Maximizing Profits Doesn't Mean Screwing Your Customers
from the rinse,-lather,-repeat dept
Now we've got another similar story, as the LA Times is positively amazed that the popular virtual world Habbo Hotel limits its users to spending no more than $35/month, on the theory that many of its users are teenagers, who could get sucked into spending on stuff, which could lead to eventual backlash. Its CEO made this clear in a recent interview, saying: "We didn't want a situation where teens were raiding their parents' credit cards to be able to play.... We really don't want teenagers to spend more than the price of two movie tickets a month on Habbo."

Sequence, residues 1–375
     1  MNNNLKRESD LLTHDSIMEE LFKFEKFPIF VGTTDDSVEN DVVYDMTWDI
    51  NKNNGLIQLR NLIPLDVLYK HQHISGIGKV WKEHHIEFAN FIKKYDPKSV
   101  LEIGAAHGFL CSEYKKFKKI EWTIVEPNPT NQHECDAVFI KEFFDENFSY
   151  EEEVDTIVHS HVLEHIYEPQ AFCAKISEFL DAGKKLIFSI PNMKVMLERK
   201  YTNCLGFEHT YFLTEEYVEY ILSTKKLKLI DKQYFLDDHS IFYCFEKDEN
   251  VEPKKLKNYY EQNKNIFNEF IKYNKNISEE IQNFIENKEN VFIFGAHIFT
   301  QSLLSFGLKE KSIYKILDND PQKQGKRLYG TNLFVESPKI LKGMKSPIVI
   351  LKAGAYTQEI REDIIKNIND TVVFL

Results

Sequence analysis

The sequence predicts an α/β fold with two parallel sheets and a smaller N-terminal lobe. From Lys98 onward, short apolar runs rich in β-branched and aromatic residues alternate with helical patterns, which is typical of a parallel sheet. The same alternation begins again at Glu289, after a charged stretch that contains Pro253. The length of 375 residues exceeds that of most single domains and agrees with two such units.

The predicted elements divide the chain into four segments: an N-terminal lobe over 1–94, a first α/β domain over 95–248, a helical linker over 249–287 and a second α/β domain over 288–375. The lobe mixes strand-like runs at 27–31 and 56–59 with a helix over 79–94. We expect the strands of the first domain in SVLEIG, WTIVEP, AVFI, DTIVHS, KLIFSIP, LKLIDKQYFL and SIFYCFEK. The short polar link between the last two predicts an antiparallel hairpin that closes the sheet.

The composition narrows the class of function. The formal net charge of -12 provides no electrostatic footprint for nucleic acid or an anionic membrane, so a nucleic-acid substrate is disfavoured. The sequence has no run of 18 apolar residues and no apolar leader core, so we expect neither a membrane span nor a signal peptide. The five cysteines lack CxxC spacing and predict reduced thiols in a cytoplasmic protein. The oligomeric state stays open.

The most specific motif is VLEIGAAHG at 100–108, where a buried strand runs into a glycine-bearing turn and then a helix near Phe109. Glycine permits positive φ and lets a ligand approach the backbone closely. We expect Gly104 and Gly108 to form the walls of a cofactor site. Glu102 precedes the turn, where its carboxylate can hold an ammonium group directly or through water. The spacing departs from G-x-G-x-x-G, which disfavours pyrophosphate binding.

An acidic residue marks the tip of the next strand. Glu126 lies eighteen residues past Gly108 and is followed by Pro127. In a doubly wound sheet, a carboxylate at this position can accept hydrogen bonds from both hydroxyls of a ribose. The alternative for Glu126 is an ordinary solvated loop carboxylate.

So, how does the LA Times describe this decision? It points out, partly in jest, that "turning down money seems un-American." Again, even if this wasn't meant as a serious comment, it's similar to the silly claims about Craigslist. Habbo Hotel has simply made a strategic long-term decision on ways to best maximize its success for the long haul. And, part of that probably included the calculation that Habbo would have been in quite some trouble if news stories started showing up about kids bankrupting themselves buying virtual trinkets for their Habbo Hotel world. Limiting how much people can spend isn't anti-American or anti-capitalist or even anti-profit maximization. It's just taking a much longer term view of the best way to maximize profits over the long run.